A New Home and Furnishings
“All our baggage arrived with the contents intact…The secretary is such a dear and useful piece of furniture…We put the chest of drawers and the secretary here in the shanty, together with the other essential pieces of furniture, all the other things…we have stored in the barn. There we are also keeping six fine cane-seat chairs and one dozen comfortable wooden chairs, black with yellow design, a very nice cooking stove with a complete set of pots and pans, a very sweet stove for the living room, two rocking chairs, and many bottles and jars to use for preserving and making butter…”
“When we get into our new house, things will become quite a bit easier…The small room in which we live now with the cooking stove under the outside sky, makes things difficult. The beautiful new range with 7 doors and 7 holes and a very excellent bake oven which produces beautiful bread is already in the annex in the new house, and I do my baking there…”
“Now that I have the new mattress I sleep much better. At first we had two single straw ticks on the double bedstead, and these were not very good to sleep on. I have made another straw bag…on top of this I have laid the mattress and filled the empty space with a feather-tick and everything is perfect…”
“Three weeks from now a carpenter who just arrived from Germany will come to the house and build us cupboards, tables and whatever else we need…I cannot tell you how I am longing for the house to be finished, it takes so very long…”
“It is the greatest pleasure to have one’s own household, specially when one has a cow…I have just returned from milking the cow, which we let roam the woods now that she is used to us; this way we can save the grass for the winter…Adelbert wants to try and buy some more cows again, they are very hard to get. When we were in Orillia he went out into the country with the strong hope of finding some, but he was unsuccessful. The cow which we have now will be taken back in the fall, because she doesn’t give enough milk. We will keep the calf for $5 and we bought another one for $4.50…”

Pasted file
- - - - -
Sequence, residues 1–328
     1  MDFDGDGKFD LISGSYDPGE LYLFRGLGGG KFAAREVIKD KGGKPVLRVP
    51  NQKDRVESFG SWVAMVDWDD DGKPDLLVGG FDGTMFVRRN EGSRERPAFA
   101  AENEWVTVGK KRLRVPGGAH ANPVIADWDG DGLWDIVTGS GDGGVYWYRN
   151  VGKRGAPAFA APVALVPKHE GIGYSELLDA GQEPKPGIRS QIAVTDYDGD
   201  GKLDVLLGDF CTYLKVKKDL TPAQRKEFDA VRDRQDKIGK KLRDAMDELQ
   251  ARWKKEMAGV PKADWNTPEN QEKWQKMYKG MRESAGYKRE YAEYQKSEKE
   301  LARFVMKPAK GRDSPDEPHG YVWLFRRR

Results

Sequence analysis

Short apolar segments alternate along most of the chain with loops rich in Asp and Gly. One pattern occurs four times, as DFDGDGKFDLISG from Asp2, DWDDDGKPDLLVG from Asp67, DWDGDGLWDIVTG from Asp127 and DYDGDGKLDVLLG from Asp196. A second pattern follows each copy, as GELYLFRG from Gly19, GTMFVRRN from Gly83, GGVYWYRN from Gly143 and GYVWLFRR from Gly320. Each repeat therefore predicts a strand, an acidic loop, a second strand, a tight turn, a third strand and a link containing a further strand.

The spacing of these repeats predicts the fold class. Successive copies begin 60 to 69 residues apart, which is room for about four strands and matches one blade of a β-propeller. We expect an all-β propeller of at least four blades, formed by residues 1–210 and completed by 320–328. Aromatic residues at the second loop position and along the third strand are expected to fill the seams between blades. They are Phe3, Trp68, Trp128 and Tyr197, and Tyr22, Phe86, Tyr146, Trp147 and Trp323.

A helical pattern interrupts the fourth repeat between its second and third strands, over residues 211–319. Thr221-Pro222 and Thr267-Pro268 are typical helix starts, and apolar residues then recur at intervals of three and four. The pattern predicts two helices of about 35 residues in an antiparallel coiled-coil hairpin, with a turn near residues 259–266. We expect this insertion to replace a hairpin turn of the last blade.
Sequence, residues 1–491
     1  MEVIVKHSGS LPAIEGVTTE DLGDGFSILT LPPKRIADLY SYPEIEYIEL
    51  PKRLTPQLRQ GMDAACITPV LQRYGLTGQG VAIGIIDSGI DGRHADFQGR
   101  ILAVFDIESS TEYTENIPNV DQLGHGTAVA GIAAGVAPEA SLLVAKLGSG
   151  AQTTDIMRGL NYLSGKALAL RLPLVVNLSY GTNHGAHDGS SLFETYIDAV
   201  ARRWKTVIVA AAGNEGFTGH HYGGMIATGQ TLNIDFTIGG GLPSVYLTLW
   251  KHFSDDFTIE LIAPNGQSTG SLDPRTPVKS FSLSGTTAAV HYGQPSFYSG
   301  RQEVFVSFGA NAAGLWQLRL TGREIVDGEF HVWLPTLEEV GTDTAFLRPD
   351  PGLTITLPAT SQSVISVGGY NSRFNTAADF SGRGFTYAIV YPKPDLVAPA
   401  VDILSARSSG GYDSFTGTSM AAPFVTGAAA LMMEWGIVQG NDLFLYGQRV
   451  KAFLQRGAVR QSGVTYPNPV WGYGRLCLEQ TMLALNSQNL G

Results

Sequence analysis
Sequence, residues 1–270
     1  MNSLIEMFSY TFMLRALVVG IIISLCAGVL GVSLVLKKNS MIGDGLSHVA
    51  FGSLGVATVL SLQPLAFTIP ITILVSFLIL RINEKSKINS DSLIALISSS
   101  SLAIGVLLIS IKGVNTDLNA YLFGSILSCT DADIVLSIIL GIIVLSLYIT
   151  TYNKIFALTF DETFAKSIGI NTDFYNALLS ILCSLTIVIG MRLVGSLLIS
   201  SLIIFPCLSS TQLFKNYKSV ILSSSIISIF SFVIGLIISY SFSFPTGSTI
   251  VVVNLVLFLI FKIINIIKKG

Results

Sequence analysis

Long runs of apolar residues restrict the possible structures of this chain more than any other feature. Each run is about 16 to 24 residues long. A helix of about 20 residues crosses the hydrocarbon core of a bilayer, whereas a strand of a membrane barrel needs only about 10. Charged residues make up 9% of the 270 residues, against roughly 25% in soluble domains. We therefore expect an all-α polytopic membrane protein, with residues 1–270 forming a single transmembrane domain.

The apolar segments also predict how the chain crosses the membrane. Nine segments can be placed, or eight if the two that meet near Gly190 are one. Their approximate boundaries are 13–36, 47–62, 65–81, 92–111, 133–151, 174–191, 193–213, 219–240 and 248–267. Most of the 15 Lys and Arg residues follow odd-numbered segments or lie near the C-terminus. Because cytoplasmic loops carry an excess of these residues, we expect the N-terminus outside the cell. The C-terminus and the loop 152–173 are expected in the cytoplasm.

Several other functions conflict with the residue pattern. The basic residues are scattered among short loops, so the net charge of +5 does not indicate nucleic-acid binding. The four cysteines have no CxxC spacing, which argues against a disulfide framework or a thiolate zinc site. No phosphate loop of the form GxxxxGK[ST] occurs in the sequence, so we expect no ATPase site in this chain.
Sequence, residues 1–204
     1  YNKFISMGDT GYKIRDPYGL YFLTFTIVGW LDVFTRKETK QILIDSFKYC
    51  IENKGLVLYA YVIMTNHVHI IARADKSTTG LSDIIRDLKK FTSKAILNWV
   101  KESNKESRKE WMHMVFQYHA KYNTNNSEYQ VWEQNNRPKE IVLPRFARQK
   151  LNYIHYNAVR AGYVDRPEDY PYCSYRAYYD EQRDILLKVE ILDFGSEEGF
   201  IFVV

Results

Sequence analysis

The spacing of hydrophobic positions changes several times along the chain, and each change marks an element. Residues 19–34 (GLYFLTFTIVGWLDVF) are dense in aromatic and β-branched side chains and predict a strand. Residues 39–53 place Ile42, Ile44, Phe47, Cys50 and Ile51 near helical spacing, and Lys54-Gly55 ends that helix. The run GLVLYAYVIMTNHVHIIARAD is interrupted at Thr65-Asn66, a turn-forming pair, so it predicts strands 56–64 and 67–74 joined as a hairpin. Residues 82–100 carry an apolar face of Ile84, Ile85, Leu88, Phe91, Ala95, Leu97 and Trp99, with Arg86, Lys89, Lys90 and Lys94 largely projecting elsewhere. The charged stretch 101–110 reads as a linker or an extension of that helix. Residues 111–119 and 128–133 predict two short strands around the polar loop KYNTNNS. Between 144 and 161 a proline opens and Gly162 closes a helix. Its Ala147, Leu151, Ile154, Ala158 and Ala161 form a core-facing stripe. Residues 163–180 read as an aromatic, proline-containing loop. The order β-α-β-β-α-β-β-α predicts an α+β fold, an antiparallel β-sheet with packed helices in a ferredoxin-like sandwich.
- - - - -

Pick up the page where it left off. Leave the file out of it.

“I am getting more used to everything all the time and having the cows helps a lot. They are a constant delight, and the one we bought first I almost love. You should see how she comes running when it’s time for milking (which by the way I have learned to do very well), she literally comes leaping. She comes quite regularly in the morning and evening to the spot by the lake where I milk her…”
“The cows and the whole milk business are my continued delight. At the beginning I used to make some cream cheese…now I have 22 small round cheeses in the attic to dry…I have had to stop making cheese again, unfortunately, as we have to give all the sweet, skimmed milk from both cows to the younger calf…”